In February 2009, I revisited the Ba Manzi Tomb in Chongqing. It had become a forgotten, dilapidated, dark basement of the commercial world. Though its name was on the tourist map, few residents along the street knew about its exact location, and I had to ask many people to eventually find its obscured entrance. Down a flight of wide stone steps piled with furniture supplies, the tomb front had turned into an unauthorized storage room for a retail store. Another, fancier furniture store sat on top of the tomb. I asked a store worker if he worried about the government's punishment for occupying the site of a cultural relic, he said no, during the several years he worked next door to the tomb, he had seen occasional tourists, even foreigners, but no government people. That's why they had unscrupulously piled their furniture supplies, blocking the sight of it.

The Ba Manzi Tomb in Chongqing (February 2009)

in front of the tomb (Feb. 2009)

on the tomb's top (Feb. 2009)

Now, why did the Chongqing government suddenly remember it? Is it because Bo Xilai needed another teachable instrument for heroism and patriotism?

That's beyond me at this moment, as I'm fascinated by something else: it just occurred to me that my father's lineage has an almost opposite nature, almost anti-heroism, from that of my mother's.

The Chinese say marriage is the combination of yin and yang, in which the woman possesses the softness of yin and the man the power of yang.  In my upbringing, however, it had always seemed to us children that our mother was the yang element. This is to say, while we grew up, the family's roof had been pillared by our mother, not father. I wonder if my father's soft personality has to do with his ancient heritage.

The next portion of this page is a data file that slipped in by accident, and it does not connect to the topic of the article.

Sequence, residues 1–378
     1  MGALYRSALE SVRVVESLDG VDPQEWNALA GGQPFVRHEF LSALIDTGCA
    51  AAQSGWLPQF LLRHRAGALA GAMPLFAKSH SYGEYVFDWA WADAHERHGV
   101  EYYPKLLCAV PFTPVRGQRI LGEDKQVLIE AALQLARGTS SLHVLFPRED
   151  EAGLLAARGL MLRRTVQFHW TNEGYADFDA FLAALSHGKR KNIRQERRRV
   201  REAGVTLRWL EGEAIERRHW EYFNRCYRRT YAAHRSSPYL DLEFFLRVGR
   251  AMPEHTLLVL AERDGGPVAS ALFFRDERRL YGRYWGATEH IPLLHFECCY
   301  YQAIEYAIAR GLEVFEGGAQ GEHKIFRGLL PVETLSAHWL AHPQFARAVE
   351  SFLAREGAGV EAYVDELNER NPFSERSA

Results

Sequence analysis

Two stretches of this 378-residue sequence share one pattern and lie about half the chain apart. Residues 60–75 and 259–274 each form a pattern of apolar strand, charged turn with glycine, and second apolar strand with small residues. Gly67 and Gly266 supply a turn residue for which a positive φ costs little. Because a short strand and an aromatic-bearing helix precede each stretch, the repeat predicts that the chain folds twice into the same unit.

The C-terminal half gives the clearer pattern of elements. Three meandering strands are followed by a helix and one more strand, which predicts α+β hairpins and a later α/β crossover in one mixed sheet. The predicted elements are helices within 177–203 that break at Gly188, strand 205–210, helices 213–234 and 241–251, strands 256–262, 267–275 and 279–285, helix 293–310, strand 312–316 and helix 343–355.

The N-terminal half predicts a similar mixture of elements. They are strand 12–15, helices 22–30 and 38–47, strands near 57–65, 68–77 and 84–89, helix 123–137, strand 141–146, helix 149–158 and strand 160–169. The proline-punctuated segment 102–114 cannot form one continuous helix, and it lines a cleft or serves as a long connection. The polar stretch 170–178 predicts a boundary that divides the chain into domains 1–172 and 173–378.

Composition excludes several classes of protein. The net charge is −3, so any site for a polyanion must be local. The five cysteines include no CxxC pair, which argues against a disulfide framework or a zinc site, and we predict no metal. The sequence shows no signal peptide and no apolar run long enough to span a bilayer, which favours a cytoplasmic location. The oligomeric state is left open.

Next time I'll tell you the fascinating story of my father's ancestry, one that he himself might not be aware of. 


David L said...

Ah - just found this.

Glad to see others are interested in Ba Manzi.

The tomb was still closed when I visited in June 2010, but (comparing with your photo) has been heavily restored. Should be open now.

Still in a furniture warehouse though!

Xujun said...

Hi David, I'm curious: how did you get interested in Ba Manzi?

David L said...

I'm just interested in the history of Southwestern China

Unknown said...

By the way, I'm sure you know, but there's also a memorial hall to Ba Manzi inside the pagoda at Shibaozhai, on the Yangzi near Zhongxian.

Xujun said...

My mother was from Zhongxian, so I've heard about it, but haven't seen it myself. Isn't Shibaozhai drowned because of the Three Gorges Dam?

By the way, do you have a blog or website? Have you written about Southwestern China's history? It is a unique history!

wujiang said...

Hello again Xujun,
In my search for Chongqing's surprising bits of history, you remain one of the more interesting sources of information. I'm now working to make more of these less-well known but very interesting facts about CQ known amongst the expat community so will post a link to this for people to come read about your personal connection.

Hope to meet you one of these days as I am still in CQ

Warm Regards


Xujun said...

Hi Penny, nice to "see" you here! Are you on Facebook? We can connect there.